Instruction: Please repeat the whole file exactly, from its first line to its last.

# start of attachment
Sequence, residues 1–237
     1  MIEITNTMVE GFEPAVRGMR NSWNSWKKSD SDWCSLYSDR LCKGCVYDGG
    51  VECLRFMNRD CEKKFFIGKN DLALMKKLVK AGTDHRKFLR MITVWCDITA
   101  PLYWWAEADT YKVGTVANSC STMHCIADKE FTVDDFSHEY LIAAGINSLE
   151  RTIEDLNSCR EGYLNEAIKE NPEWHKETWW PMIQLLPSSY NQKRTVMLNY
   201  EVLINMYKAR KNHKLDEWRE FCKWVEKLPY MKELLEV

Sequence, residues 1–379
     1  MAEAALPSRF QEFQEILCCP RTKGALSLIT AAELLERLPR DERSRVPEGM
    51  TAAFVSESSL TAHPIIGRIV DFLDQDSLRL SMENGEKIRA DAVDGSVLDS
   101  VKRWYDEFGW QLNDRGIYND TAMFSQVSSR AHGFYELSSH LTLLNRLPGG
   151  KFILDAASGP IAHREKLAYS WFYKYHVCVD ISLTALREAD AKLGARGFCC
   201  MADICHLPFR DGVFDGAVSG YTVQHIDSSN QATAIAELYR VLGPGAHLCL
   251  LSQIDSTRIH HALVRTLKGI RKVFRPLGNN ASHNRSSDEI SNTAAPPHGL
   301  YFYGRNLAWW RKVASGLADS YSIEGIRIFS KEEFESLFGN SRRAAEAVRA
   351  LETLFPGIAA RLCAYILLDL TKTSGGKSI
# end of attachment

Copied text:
Sequence, residues 1–237
     1  MIEITNTMVE GFEPAVRGMR NSWNSWKKSD SDWCSLYSDR LCKGCVYDGG
    51  VECLRFMNRD CEKKFFIGKN DLALMKKLVK AGTDHRKFLR MITVWCDITA
   101  PLYWWAEADT YKVGTVANSC STMHCIADKE FTVDDFSHEY LIAAGINSLE
   151  RTIEDLNSCR EGYLNEAIKE NPEWHKETWW PMIQLLPSSY NQKRTVMLNY
   201  EVLINMYKAR KNHKLDEWRE FCKWVEKLPY MKELLEV

Sequence, residues 1–379
     1  MAEAALPSRF QEFQEILCCP RTKGALSLIT AAELLERLPR DERSRVPEGM
    51  TAAFVSESSL TAHPIIGRIV DFLDQDSLRL SMENGEKIRA DAVDGSVLDS
   101  VKRWYDEFGW QLNDRGIYND TAMFSQVSSR AHGFYELSSH LTLLNRLPGG
   151  KFILDAASGP IAHREKLAYS WFYKYHVCVD ISLTALREAD AKLGARGFCC
   201  MADICHLPFR DGVFDGAVSG YTVQHIDSSN QATAIAELYR VLGPGAHLCL
   251  LSQIDSTRIH HALVRTLKGI RKVFRPLGNN ASHNRSSDEI SNTAAPPHGL
   301  YFYGRNLAWW RKVASGLADS YSIEGIRIFS KEEFESLFGN SRRAAEAVRA
   351  LETLFPGIAA RLCAYILLDL TKTSGGKSI